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For the first time in more than three decades, Arizona voters are not going to get a chance to make their own laws.
An open letter to John Sidney McCain. FYI, John, the Iraqi people lost Iraq, not President Obama. Hell, John, George W. Bush set the timetable to walk away; you are such a tool. John, we were in Iraq for 12-plus years, if after that time a nation can’t stand on its own feet and defend itself, after wasting billions of Americans’ tax dollars propping them up, all for nothing, then we shouldn’t go back.
The proposal by the Mesa City Council to impose a landing fee on every aircraft that touches down at Mesa’s Falcon Field airport as high as $50 is ludicrous, if not outright robbery. This move is no way to initiate putting the businesses at the airport out of business so they will move and the land can be developed for buildings. This is like how Hugo Chavez of Venezuela took over American companies in his country. How can a city council make such a dictatorial decision without putting it to the vote of the residents of Mesa? Where is democracy?
There is consensus that our government is not working and that Washington is broken. How do we get out of this rut? The old adage holds true when solving this case, “follow the money.”
Our Supreme Court has just sent us down a clear path to plutocracy. With their decision on McCutcheon vs. FEC, they have ruled that not only are corporations people, but money is free speech and as such should be unlimited. While it may seem that there is no point in casting an individual vote in elections, it is more important than ever. The next president may be appointing two Supreme Court justices. If we ever hope to restore democracy as “of, by and for the people” these tragic rulings need to be reversed.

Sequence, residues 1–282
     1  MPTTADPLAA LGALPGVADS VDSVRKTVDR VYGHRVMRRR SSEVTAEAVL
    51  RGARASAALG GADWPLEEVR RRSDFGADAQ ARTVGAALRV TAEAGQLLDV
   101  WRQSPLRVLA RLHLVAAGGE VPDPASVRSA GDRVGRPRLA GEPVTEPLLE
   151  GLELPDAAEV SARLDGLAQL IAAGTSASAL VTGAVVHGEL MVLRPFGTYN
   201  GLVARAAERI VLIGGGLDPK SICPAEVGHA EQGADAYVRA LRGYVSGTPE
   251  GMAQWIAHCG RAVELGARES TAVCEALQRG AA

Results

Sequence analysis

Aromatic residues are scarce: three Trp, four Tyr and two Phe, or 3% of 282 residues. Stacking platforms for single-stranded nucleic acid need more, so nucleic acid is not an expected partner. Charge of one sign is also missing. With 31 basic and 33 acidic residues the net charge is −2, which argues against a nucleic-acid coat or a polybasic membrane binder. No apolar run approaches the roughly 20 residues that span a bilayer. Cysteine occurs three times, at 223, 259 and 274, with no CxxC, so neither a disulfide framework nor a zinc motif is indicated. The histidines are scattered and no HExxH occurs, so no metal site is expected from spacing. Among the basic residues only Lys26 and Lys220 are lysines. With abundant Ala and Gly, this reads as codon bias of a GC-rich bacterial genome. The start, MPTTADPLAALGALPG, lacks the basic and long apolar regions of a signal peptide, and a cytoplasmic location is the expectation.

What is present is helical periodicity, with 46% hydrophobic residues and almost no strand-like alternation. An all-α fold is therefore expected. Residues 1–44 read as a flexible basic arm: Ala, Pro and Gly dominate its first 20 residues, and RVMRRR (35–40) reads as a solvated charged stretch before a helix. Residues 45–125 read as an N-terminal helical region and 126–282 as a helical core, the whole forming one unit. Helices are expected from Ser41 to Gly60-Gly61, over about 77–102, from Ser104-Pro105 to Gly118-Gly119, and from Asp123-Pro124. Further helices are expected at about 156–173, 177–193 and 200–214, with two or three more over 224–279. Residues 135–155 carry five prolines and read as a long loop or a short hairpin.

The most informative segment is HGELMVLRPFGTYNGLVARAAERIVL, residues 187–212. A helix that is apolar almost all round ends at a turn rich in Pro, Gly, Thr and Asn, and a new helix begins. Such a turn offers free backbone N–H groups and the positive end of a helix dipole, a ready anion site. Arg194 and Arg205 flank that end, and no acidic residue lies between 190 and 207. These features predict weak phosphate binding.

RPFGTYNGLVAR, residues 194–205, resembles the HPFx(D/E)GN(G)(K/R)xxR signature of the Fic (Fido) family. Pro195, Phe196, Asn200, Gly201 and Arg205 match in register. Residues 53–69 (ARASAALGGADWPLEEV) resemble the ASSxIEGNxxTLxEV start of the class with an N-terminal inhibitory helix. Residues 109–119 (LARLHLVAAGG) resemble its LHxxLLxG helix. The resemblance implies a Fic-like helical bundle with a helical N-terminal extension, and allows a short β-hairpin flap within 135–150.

Arizona businessman and former President of Cox-Arizona Publications Charles “Chuck” Wahlheim has died at the age of 82. A cause of death wasn’t immediately released, but his family says he had been in failing health for some time.
Arizona voters could decide if they want to perennially revisit anything they adopt at the ballot.
Dear Gilbert School Board Members,
A Senate panel voted along party lines Monday for what some contend is an end-run of a referendum to force a public vote to kill a series of controversial changes in state election law.
Rejecting pleas to let voters have the last word, a Republican-dominated House panel took the first steps Thursday to kill a referendum drive to force a public vote on changes to state election laws.
State Legislature helping out powerful, keeping rest of us in the dark
We have traditionally had two inescapable realities in life: death and taxes. Well, you can add to that list: death, taxes and fees. Fortunately, this past week at least one kind of fee was said to be improperly levied. It’s one charged to you for keeping tabs on your government.